4
for VA benefits for an ulcer condition, which was remanded in the January 2010 Board decision.
The Secretary argues that the Court does not have jurisdiction to address this argument. The Court
agrees with the Secretary.
This Court has held that “where a decision on one issue would have a ‘significant impact’
upon another, and that impact in turn ‘could render any review by this Court of the decision [on the
claim] meaningless and a waste of judicial resources,’ the two claims are inextricably intertwined.”
Henderson v. West, 12 Vet.App. 11, 20 (1998) (quoting Harris v. Derwinski, 1 Vet.app. 180, 183
(1991), overruled on other grounds by Tyrues v. Shinseki, 23 Vet.App. 166 (2009)).
Here, the Court is reversing and remanding Mr. Sexton’s claim for gastroesophageal reflux
disorder. Because whether this claim is inextricably intertwined with his previously remanded claim
for an ulcer is a finding of fact that should be made by the Board in the first instance, the Court will
instruct the Board to make such a finding on remand.
III. CONCLUSION
Upon consideration of the foregoing, the January 11, 2010, Board decision is REVERSED
and the matter is REMANDED for further development, if necessary, and readjudication consistent
with this decision.
DATED: August 25, 2011
Copies to:
Perry A. Pirsch, Esq.
VA General Counsel (027)
5

Designated for electronic publication only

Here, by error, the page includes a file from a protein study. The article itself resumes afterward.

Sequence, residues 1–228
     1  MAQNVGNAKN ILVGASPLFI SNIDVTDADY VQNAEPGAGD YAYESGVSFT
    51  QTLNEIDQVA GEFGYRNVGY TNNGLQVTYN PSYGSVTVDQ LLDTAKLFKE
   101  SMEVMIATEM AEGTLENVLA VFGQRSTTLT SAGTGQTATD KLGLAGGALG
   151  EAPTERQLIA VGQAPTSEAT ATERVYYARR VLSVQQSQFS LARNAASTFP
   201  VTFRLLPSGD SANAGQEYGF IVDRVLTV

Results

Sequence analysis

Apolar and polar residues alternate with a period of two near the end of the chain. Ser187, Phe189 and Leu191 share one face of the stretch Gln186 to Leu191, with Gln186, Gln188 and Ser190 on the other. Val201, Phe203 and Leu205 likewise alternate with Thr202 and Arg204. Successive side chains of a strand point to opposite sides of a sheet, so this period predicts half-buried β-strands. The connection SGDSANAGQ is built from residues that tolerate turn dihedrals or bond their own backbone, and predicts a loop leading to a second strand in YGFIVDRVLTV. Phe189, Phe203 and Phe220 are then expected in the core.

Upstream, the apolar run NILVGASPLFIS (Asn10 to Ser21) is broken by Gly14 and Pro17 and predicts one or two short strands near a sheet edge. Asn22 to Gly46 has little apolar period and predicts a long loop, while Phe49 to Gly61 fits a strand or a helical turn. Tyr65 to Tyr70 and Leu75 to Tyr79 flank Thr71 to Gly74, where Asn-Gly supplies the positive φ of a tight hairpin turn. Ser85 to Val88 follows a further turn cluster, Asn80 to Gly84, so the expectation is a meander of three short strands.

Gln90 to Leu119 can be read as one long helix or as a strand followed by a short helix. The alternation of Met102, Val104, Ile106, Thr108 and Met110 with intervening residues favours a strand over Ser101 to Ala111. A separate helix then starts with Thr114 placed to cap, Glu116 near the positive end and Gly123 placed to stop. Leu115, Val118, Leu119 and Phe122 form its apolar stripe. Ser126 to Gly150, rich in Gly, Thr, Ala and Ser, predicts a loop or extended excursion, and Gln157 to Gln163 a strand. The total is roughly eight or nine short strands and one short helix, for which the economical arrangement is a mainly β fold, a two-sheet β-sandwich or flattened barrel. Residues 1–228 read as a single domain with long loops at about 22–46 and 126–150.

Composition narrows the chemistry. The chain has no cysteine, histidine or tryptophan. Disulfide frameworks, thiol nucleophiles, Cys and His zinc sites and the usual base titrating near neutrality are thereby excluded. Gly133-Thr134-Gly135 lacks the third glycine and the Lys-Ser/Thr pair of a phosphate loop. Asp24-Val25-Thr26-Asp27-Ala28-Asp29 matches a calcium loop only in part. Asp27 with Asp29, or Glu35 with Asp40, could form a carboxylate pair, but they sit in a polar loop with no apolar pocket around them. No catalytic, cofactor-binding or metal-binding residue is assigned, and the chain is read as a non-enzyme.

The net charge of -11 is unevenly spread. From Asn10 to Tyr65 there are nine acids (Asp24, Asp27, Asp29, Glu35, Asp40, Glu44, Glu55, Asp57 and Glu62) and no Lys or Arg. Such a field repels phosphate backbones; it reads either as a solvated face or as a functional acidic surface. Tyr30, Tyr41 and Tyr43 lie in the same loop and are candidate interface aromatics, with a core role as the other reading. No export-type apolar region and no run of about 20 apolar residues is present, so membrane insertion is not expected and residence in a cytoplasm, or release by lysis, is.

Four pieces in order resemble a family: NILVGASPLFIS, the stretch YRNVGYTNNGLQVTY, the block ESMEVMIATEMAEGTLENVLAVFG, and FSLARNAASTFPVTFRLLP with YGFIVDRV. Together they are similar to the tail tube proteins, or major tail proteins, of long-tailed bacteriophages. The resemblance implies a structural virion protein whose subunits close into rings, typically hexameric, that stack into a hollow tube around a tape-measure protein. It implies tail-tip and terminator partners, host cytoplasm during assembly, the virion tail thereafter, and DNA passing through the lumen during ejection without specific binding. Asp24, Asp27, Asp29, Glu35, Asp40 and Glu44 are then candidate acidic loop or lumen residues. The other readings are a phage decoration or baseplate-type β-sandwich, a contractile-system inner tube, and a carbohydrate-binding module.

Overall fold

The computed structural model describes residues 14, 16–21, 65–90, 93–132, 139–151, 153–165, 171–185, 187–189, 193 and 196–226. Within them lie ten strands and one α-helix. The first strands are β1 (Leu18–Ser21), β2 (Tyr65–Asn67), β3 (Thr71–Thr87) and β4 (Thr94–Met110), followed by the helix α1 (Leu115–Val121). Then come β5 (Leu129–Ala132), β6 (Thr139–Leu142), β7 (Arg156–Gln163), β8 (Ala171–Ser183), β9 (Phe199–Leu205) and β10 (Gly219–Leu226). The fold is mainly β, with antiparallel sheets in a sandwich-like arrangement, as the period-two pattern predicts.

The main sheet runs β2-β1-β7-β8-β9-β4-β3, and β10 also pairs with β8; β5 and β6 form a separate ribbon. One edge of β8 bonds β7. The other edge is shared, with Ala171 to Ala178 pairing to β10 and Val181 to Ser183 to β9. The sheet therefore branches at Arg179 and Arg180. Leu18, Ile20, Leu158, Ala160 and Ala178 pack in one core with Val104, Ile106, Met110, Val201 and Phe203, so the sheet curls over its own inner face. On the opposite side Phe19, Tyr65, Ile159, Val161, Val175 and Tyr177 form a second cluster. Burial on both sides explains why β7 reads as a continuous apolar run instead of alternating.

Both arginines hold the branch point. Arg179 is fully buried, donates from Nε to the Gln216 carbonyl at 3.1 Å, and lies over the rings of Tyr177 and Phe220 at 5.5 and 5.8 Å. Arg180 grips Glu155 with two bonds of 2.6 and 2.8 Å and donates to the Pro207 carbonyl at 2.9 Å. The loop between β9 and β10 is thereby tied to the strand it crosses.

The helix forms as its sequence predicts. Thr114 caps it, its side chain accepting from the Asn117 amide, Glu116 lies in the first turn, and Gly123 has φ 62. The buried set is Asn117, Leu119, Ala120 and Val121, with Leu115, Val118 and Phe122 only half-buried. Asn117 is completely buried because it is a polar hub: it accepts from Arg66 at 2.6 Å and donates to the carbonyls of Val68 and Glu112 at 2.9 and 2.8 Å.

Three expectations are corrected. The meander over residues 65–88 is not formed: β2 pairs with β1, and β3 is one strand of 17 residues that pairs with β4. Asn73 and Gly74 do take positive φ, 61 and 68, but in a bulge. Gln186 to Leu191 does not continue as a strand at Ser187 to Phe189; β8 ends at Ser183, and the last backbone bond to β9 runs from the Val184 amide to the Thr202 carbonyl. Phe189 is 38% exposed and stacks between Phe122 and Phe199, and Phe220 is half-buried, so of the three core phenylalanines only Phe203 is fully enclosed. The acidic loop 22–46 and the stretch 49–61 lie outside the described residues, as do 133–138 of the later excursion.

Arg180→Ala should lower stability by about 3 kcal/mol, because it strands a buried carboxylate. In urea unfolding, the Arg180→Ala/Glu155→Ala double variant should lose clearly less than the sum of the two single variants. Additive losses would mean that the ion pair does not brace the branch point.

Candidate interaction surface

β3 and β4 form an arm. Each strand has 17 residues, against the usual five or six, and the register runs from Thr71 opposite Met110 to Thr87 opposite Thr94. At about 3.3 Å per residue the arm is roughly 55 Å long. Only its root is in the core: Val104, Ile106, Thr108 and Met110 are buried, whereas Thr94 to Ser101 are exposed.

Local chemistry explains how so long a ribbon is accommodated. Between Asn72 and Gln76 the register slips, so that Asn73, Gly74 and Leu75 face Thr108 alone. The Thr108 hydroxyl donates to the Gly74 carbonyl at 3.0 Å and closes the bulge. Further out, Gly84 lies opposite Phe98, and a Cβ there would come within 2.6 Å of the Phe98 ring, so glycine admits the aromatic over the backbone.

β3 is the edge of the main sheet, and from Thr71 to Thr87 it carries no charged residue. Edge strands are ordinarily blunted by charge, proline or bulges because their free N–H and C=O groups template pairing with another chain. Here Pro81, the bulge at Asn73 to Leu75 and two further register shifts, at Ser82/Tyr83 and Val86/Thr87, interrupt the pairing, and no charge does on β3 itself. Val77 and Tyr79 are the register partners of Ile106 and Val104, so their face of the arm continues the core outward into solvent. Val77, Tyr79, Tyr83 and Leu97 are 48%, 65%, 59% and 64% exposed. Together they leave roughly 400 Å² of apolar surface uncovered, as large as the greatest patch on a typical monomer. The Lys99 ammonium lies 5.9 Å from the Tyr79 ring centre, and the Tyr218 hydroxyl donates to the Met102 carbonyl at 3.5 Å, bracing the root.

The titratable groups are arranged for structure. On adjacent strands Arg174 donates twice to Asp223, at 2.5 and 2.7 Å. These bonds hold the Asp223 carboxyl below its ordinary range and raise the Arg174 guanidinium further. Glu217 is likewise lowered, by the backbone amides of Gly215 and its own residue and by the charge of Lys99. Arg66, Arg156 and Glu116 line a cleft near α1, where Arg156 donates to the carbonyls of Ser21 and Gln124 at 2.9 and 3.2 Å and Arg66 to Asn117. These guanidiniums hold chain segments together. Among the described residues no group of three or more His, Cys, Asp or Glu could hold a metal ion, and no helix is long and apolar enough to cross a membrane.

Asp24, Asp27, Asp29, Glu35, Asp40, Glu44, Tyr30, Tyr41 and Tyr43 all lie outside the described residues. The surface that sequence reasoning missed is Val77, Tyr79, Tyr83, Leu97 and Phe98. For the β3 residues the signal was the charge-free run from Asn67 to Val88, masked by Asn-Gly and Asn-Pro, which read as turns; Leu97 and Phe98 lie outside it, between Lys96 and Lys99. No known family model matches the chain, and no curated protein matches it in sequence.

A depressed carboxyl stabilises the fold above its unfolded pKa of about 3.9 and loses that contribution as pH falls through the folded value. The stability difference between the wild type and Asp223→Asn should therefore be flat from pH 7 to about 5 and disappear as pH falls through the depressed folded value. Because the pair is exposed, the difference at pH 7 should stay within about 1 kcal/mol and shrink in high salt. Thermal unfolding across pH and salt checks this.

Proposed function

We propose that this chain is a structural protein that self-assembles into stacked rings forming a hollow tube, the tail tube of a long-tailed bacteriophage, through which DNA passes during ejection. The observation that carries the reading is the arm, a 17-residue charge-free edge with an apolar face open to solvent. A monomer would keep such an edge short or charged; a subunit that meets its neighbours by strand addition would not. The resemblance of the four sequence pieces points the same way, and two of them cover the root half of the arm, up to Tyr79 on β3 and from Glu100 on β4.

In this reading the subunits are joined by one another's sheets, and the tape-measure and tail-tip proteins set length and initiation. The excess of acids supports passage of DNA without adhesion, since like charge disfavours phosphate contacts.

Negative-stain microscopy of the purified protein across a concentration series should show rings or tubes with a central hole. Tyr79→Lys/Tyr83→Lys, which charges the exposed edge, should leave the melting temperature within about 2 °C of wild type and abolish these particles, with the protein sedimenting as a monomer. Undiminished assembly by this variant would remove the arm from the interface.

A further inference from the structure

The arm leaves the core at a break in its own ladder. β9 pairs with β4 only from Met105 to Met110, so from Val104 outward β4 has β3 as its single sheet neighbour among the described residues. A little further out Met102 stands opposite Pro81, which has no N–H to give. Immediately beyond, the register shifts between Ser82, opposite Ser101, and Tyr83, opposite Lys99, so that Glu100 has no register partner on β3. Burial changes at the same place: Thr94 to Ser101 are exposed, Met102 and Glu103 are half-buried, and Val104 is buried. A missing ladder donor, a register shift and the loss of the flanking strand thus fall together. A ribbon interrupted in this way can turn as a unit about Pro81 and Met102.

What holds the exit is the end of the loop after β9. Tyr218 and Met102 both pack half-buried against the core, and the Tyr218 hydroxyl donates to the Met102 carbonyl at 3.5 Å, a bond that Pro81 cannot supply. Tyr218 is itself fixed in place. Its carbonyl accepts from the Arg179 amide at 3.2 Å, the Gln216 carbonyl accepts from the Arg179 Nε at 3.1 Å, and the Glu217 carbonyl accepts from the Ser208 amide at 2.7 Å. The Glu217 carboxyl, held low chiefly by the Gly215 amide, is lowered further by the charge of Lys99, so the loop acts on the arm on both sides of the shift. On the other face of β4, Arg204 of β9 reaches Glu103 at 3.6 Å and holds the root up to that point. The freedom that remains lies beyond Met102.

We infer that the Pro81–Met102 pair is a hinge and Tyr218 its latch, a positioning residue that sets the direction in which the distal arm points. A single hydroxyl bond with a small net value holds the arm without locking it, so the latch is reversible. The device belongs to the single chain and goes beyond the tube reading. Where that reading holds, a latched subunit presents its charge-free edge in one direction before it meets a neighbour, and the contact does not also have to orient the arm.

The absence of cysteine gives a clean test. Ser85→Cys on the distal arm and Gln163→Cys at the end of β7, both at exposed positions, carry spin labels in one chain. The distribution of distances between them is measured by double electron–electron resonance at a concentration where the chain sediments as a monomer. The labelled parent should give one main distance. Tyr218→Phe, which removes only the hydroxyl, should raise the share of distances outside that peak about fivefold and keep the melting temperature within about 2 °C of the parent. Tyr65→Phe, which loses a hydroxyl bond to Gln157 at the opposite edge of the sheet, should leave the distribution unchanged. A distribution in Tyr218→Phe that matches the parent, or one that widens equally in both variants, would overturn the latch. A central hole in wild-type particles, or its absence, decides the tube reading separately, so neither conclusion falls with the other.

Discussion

UNITED STATES COURT OF APPEALS FOR VETERANS CLAIMS
NO. 10-0307
GARY R. SEXTON, APPELLANT,
V.
ERIC K. SHINSEKI,
SECRETARY OF VETERANS AFFAIRS, APPELLEE.
Before HAGEL, Judge.
MEMORANDUM DECISION
Note: Pursuant to U.S. Vet. App. R. 30(a),
this action may not be cited as precedent.
HAGEL, Judge: Gary R. Sexton appeals through counsel a January 11, 2010, Board of
Veterans’ Appeals (Board) decision finding that Mr. Sexton had not submitted new and material
evidence sufficient to reopen a previously denied claim for gastroesophageal reflux disorder.1 Mr.
Sexton’s Notice of Appeal was timely and the Court has jurisdiction to review the Board decision
pursuant to 38 U.S.C. § 7252(a). Neither party requested oral argument or identified issues believed
to require a precedential decision of the Court. Because the Board’s findings are clearly erroneous
and are not supported by an adequate statement of reasons or bases, the Court will vacate the January
2010 Board decision, reverse that portion of the decision finding that Mr. Sexton had not submitted